• Kevin Rudd didn't seem upbeat, he seemed critically disappointed. (AAP)Source: AAP
It's hard to avoid work-related disappointment. But gardening helped Helen Razer downsize from Donald Trump levels of fury and she thinks Kevin Rudd should take up a similar enterprise.
Helen Razer

3 Aug 2016 - 11:25 AM  UPDATED 3 Aug 2016 - 11:33 AM

It is my ardent hope that you are tucked beneath your doona, safe from the horror of news media. Stay there, please. Do the sensible thing and remain in bed sobbing at the thought of a present world gone particularly batty and don’t think for a minute that I’m going to disturb you this week with details of current events. Okay, excepting very brief details of one: Kevin Rudd is in a mood.

Last weekend in a Brisbane address, the former PM counselled his young comrades that political life will sometimes, “turn to shit”.  He may have been referring to the recent refusal of the current PM to put him up for the very nice job of UN Secretary-General. He may have been referring to any one of several moments in his dizzying time as party leader. He may have just been trying to make a useful point to the ALP kids assembled that at some point or another, their future as effective policy makers would end up in a pile of poop.

Whatever the case, K-Ru didn’t seem upbeat. In fact, he seemed critically disappointed.

Now, any of us who has ever had a workplace failure, which is to say any of us who ever entered a workplace, can feel the guy. All labour, even that of being a Labor prime minister, has its setbacks. There are days and nights for all of us that are consumed by problems at work, and there are few adults of my acquaintance who haven’t been once awake at 4AM unable to think about anything but that douche-lord of a colleague who did that douche-lord thing.

It’s quite a skill not taking the misery of your work home with you, or taking it to a meeting of Young Labor, Kev. It’s a real achievement to unlock a way to cope that doesn’t involve making you more miserable. Many people drink plonk to cope. Many more watch reality TV shows, often also while downing plonk. Some try reading about current events, but as we have established, this is no good route to relaxation. All of this stuff gives you a hangover, which you then take to work and, well, you know: Rinse and Repeat.

It’s quite a skill not taking the misery of your work home with you, or taking it to a meeting of Young Labor, Kev. 

It’s at this point, I give both you and Kev some guidance. And in so doing, I admit that I haven’t really perfected this work off-switch myself. Frankly, my private work-related anger belongs in a cage fight, and I sincerely hope that no one who knows me even a little learns that I have offered this advice, because they will, quite rightly, say, “Helen. What the HELL are you doing schooling people about how to be calm?!”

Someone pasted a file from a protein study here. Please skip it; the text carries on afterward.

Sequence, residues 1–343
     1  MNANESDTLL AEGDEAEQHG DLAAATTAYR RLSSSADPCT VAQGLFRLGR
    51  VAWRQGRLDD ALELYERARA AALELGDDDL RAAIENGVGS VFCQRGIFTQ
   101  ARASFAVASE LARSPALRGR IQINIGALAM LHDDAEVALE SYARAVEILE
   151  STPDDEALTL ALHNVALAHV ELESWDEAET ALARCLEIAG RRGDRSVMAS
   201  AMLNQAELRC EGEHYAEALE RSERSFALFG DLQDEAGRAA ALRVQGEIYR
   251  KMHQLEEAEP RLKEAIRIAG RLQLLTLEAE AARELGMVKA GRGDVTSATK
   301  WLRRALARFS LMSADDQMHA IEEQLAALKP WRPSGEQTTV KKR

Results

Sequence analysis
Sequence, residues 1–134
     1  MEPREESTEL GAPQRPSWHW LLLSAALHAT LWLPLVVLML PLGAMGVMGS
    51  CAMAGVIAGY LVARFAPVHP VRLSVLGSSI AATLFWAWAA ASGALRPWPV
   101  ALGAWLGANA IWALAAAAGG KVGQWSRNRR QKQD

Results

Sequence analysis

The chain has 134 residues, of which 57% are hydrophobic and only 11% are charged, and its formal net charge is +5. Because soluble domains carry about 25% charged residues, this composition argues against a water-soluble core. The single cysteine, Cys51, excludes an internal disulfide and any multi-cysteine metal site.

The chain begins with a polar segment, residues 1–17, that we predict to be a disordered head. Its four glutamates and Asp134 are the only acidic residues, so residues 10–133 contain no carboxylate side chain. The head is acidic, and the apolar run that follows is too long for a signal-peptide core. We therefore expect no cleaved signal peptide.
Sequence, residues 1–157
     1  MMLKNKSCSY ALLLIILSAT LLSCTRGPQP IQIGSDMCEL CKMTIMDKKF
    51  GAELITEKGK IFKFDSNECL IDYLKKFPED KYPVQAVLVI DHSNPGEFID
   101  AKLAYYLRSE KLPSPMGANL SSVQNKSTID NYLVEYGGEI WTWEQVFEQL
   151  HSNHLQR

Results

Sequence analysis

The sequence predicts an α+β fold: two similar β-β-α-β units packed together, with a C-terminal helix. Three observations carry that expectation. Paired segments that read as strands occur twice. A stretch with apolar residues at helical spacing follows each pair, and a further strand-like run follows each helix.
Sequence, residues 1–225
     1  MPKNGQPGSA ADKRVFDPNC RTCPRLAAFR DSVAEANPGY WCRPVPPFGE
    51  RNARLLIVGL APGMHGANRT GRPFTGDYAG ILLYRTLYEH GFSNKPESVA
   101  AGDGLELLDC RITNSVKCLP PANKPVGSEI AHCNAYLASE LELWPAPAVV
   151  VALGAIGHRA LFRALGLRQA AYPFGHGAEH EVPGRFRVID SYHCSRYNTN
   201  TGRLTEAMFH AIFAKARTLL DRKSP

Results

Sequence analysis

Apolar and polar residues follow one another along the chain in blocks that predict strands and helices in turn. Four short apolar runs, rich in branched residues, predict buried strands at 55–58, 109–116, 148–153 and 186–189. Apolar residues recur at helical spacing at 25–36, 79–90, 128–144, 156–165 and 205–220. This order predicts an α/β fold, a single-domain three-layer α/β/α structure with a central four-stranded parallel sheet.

Well, the thing is, I have downsized from Donald Trump levels of fury and closer to a Kevin Rudd style. And if a cranky lady like me can improve her post-work mood, you can, too. You’ve just got to believe me when I tell you: gardening.

I understand that you may have no dirt in which to garden, have an aversion to dirt or find yourself wanting to throw dirt at me for making such a foolish suggestion. It doesn’t have to be gardening, okay? The thing that will deliver you from the insanity of work just has to be in the family of frustrating enterprise of which gardening is a member.

Relatives include: fishing, crochet or baking things that have a good chance of falling flat in the oven. Woodwork is another good one, as are oil painting, meat curing (just don’t eat the stuff) and cheese making (ditto).

I am a regular and an ambitious gardener, but I am also committed to the failure this hobby demands.

It is very powerful and liberating to fail on your own terms and gardening, as any truthful gardener will admit, involves a great deal of failure. Gardening is, in fact, failure and weeds, interrupted by the occasional emergence of a pretty or an edible plant. I am a regular and an ambitious gardener, but I am also committed to the failure this hobby demands. When I fail to produce something in the garden, which is all the time, this is my very own lack of success.

Empowerment through failure is what has attracted my father to fishing for decades. The man has caught, maybe, one dozen fish, seven of which regulation obliged him to throw back in the sea. Crochet is impossible for all but the most dexterous persons.  Woodwork is actual torture and choux pastry has a very good rate of disappointment. Fail better, like the Irish guy says. And, fail for no one but yourself.

Failing for an employer is very stressful. It’s also, as we know, inevitable. Failing selfishly, on the other hand, can remind you, most especially if you are failing with your hands and materials, that things turning to poop is okay.

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